On-Campus Recruiting, better known by its slang name “OCR,” is the process that students learn to fear before they have even begun to approach it.
At Wharton, students get caught up in the stress of OCR. Those three letters have our brains programmed to cringe the instance they are uttered. As a senior and a student on the other end of the process, I am here to tell you it’s not worth letting yourself get intimidated by the process, purely focusing on the scary and uncertain aspects. Instead, focus on the opportunities that lie ahead.
In my opinion, at Penn we are lucky to have the OCR process. There are many benefits that this process brings, advantages unparalleled by many other schools. Hundreds of companies come to our campus. They come to us. Think about that. These companies care about recruiting students just as much as students care about the process. I believe that, although OCR can be stressful, there is a reason for it. For students, so much of the work is done for us. Everything is set up. The company schedules an information session and brings its employees, often from far-off places, to come to campus, directly to you.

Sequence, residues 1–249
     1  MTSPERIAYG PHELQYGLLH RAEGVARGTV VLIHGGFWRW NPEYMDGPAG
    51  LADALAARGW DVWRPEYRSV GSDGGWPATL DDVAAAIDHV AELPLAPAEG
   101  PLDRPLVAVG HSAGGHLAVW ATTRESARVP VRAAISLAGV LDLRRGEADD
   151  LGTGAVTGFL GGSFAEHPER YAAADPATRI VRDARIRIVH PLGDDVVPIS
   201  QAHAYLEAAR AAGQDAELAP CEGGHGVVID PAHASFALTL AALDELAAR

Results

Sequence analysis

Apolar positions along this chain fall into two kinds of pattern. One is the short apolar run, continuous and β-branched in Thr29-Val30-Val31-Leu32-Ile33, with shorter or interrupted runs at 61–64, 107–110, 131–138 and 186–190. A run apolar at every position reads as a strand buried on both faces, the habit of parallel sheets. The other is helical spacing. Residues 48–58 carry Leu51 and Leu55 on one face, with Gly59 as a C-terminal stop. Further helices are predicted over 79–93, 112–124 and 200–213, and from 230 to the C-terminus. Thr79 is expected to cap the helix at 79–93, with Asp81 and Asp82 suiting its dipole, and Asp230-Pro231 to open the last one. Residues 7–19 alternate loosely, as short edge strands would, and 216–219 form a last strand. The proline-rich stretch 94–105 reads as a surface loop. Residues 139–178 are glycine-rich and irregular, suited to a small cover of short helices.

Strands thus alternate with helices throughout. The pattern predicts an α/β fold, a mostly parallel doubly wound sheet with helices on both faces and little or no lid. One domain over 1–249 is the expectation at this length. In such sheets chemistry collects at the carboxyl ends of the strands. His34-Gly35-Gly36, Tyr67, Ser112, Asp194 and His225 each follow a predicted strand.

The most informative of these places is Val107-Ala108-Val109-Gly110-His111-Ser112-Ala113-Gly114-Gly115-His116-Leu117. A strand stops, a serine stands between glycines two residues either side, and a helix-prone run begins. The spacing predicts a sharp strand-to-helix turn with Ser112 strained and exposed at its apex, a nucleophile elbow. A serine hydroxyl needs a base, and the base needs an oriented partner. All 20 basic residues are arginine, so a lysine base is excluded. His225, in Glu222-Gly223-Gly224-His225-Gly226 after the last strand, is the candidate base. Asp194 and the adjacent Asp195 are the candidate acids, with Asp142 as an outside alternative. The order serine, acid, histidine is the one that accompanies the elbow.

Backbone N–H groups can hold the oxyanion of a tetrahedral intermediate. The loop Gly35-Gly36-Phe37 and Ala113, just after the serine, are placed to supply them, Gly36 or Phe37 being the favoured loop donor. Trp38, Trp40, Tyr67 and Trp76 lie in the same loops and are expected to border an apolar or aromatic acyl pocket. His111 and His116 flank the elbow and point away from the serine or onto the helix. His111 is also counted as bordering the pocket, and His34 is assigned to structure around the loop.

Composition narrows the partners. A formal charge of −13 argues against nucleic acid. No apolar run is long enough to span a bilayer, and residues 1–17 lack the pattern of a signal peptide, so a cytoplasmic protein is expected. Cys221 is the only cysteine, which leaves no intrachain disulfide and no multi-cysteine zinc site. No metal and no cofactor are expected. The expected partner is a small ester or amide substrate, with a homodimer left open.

I am the last person to say that the OCR process is easy. I know that there are many components of the OCR process that may not be fun. And of course, it is hard work and requires diligent preparation and, ultimately, a lot of the process comes down to luck. However, we are fortunate that we have this opportunity to meet directly with individuals from our desired places of employment, to hear from their experiences and to gain a perspective of what the culture might be like in the job that we hope to attain.
One thing I want to note is that OCR, in its traditional sense, is definitely not for everybody. No student at Wharton should feel confined to a somewhat narrow set of industries or career options. Our minds are molded at Wharton to explore all sorts of career paths, including ones that most of us have yet to know even exist. For some students, there are no companies that come to campus that are of any interest to them. These students should not let themselves get caught up in pursuing OCR, and I commend the students who ignore a process that is not right for them and continue to pursue their passions. Other students are in-between. They have an interest in a few of the companies that come to campus, while they are also pursuing other jobs not included in OCR. A great thing about the process is that you can be as invested or as removed as you feel is best for you.
I simply suggest that students challenge themselves to consider its advantages and the opportunities that the process undeniably presents.
Editor’s note: This blog originally appeared on the Wharton Undergraduate Program’s Student Voices blog on Oct. 24, 2014.